exposure to the Mooney plane and used it under different circumstances

Normanrsquos opinions repeatedly suggested that pilot mistake was the

cause of something bad happening ie the crash They did so in

heightened unto exaggerated emotional terms ie ldquoafraidrdquo ldquofearrdquo and a

ldquothousand different mistakesrdquo

44

As with Abelrsquos testimony Honeywell maximized the prejudicial impact

of Normanrsquos subjective lay impressions at three (3) trial junctures

1 Direct examination [by videotape] JA1380-1389

2 Closing argument [by videotape] JA1593-1594 and

3 Closing argument [by reference] JA1598

Since Norman too testified by videotape deposition for maximum impact

Honeywell replayed Normanrsquos most inflammatory opinions immediately

before it played Abelrsquos videotape excerpts in closing JA1593-1595

CONCLUSION

For the reasons set forth above consonant with sound public policy

VTLA urges the Court to reaffirm and apply Virginiarsquos longstanding

doctrines on reliable authority prior incidents proximate causation and lay

and expert testimony and opinions and reverse the Circuit Courtrsquos

judgments and remand for new trials on all issues

Respectfully submitted s Avery T Waterman Jr AVERY T WATERMAN JR ESQ

VSB 27118 Patten Wornom Hatten amp Diamonstein LC 12350 Jefferson Avenue Suite 300 Newport News Virginia 23602 Telephone (757) 223-4567 Facsimile (757) 223-4499 Awatermanpwhdcom Counsel for Amicus Curiae

45

CERTIFICATE OF SERVICE

I hereby certify that on January 22 2014 fifteen copies of the above

Brief Amicus Curiae have been filed via USPS Certified Mail to the clerkrsquos

office This same date three copies of the same have been sent via USPS

First Class Mail to the following counsel

Counsel for Appellants

Roger T Creager Esq VSB No 21906 The Creager Law Firm PLLC 1500 Forest Avenue Suite 120 Richmond VA 23229 Telephone (804) 747-6444 Facsimile (804) 747-6477 rcreagercreagerlawfirmcom John C Shea Esq VSB No 17436 Mark S Lindensmith Esq VSB No 20452 Marks amp Harrison PC 1500 Forest Avenue Richmond VA 23229 Telephone (804) 282-0999 Facsimile (804) 288-1853 jsheamarksandharrisoncom mlindensmithmarksandharrisoncom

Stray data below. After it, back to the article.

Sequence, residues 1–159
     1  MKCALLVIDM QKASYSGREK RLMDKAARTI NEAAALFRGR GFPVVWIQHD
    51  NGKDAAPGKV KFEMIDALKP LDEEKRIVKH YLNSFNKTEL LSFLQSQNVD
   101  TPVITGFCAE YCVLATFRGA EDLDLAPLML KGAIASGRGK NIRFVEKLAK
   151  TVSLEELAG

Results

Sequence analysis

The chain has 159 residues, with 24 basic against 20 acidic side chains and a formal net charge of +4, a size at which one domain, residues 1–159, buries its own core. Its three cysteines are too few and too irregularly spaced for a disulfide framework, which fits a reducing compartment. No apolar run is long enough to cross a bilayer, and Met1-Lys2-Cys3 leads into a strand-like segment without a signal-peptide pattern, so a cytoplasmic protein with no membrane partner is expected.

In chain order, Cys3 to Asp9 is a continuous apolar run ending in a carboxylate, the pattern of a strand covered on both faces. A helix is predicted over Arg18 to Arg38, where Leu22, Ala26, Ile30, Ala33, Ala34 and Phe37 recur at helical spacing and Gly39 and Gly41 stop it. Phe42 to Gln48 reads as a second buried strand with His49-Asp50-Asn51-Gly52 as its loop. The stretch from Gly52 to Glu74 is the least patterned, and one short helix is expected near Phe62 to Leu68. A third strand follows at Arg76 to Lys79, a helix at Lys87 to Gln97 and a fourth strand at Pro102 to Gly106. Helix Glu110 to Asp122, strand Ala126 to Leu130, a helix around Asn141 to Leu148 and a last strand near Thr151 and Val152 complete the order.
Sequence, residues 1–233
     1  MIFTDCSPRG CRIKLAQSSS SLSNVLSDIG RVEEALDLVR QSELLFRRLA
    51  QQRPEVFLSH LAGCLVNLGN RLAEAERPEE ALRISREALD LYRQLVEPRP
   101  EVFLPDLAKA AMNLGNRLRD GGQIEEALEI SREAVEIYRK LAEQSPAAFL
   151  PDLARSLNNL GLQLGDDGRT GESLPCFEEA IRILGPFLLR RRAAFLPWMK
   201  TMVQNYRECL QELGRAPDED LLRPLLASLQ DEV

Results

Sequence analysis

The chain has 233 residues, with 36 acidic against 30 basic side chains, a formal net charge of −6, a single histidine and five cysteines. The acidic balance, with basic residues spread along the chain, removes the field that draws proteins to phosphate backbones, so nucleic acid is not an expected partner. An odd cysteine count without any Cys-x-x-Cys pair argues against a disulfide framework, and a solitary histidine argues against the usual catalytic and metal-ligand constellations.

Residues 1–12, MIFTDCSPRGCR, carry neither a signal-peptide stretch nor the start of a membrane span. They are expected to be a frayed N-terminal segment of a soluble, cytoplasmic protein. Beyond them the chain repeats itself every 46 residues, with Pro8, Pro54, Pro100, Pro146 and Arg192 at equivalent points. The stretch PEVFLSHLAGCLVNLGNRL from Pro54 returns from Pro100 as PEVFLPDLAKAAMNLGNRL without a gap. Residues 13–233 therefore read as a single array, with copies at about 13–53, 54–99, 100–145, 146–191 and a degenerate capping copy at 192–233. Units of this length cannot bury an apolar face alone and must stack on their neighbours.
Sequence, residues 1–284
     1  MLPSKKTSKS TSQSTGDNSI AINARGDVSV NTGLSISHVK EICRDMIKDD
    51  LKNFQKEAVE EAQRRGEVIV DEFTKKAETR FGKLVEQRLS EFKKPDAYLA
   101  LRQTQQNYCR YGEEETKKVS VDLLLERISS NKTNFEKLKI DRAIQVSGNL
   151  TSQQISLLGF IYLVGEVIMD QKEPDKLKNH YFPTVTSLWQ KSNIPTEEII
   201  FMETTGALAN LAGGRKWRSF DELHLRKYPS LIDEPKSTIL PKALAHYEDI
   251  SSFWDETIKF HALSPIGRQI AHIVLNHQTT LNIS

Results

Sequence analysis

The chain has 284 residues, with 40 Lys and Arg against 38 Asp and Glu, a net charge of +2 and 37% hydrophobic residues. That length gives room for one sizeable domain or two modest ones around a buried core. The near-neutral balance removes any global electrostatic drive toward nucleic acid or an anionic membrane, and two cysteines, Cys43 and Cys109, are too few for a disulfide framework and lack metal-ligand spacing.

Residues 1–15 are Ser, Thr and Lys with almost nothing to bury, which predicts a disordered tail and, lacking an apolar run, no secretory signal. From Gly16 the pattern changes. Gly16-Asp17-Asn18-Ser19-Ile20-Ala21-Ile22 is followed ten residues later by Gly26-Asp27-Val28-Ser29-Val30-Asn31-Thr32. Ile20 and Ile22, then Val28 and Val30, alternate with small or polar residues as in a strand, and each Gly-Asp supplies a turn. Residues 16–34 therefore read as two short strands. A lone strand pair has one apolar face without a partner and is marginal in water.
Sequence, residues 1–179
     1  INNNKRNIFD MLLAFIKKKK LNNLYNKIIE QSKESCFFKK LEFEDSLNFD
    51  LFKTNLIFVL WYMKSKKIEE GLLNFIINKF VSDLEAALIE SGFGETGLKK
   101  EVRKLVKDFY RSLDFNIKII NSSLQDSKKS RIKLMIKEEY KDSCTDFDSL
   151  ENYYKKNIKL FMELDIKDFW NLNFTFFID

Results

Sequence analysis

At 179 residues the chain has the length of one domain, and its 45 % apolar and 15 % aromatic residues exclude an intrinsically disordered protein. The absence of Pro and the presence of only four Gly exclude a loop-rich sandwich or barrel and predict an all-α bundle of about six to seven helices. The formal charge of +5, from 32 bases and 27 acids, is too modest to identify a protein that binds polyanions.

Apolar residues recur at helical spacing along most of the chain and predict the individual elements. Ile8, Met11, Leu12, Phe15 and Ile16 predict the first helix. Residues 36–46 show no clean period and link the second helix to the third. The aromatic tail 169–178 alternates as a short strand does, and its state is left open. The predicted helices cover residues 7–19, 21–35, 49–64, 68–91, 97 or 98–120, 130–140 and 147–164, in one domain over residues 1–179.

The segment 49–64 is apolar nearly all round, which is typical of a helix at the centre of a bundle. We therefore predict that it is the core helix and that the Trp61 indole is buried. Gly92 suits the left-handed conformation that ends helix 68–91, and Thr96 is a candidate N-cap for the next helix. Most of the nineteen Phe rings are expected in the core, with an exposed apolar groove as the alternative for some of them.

46

Anita Porte Robb Esq Admitted pro hac vice in trial court Gary C Robb Esq Admitted pro hac vice in trial court Robb amp Robb LLC One Kansas City Place - Suite 3900 1200 Main Street Kansas City MO 64105 Telephone (816) 474-8080 Facsimile (816) 474-8081 arobbrobbrobbcom grobbrobbrobbcom Counsel for Appellee Patrick R Hanes Esq VSB No 38148 Turner A Broughton Esq VSB No 42627 Joseph R Pope Esq VSB No 71371 WF Drewry Gallalee Esq Harold E Johnson Esq VSB No 65591 Williams Mullen Clark amp Dobbins Williams Mullen Center 200 South 10th Street PO Box 1320 Richmond VA 23218-1320 Telephone (804) 420-6939 Facsimile (804) 420-6507 phaneswilliamsmullencom tbroughtonwilliamsmullencom jpopewilliamsmullencom dgallaleewilliamsmullencom hjohnsonwilliamsmullencom

47

Michael McQuillen Esq Admitted pro hac vice Austin W Bartlett Esq Pending pro hac vice admission John M Kelly Esq Admitted pro hac vice Nicole L Simmons Esq Admitted pro hac vice Adler Murphy amp McQuillen LLP 20 S Clark Suite 2500 Chicago IL 60603 Telephone (312) 345-0700 Facsimile (312) 345-5860 mmcquillenamm-lawcom abartlettamm-lawcom jkellyamm-lawcom nsimmonsamm-lawcom This same day an electronic version was also sent via email to the Clerkrsquos Office of the Supreme Court of Virginia and to all counsel listed above s Avery T Waterman Jr Of Counsel

48

ADDENDUM

CREAGER l t I It ~I I Ll (

1500 IORFST AVFNUF bull SUlTf 120 bull itl(IfMUNU VlJltJlNIJi 23229 bull WORK (1104) 74764middot1middot bull FAx (804) 747middot6471 bull WWWCRfJilifRIJiwFIRMCM

January 2 J 2014

Bv E-Mail and Fax Avery T Waterman Jr Esquire Patten Wornom Hatten amp Diamonstein LC Suite 300 12350 Jefferson Avenue Newport News Virginia 23602 (Fax (757) 223-4499)

Re Michelle C Harman Administratrix of the Estate of Joseph A Grana III Deceased et al v Honeywell International Inc Record Number 130627

Dear Mr Waterman

This confirms that I as and on behalf of counsel for the Appellants hereby consent to your filing in the Supreme Court of Virginia of a Brief Amicus Curiae of the Virginia Trial Lawyers Association in the above-styled matter

cc Counsel for Appellees Patrick R llanes Esquire Turner A Broughton Esquire Joseph R Pope Esquire WILLIAMS MULLEN PO Box 1320 200 South 10th Street Suite 1600 (23219) Richmond VA 232 J8-1320 (By Fax 804-420-6507)

Michael G McQuillen Esquire Austin W Bartlett Esquire John M Kelly Esquire Nicole L Simmons Esquire ADLER MUJgtRI-)Y amp McQUILLEN LLP 20 South Clark Street Suite 2500 Chicago I L 60603 (By Fax to 312-345-9860)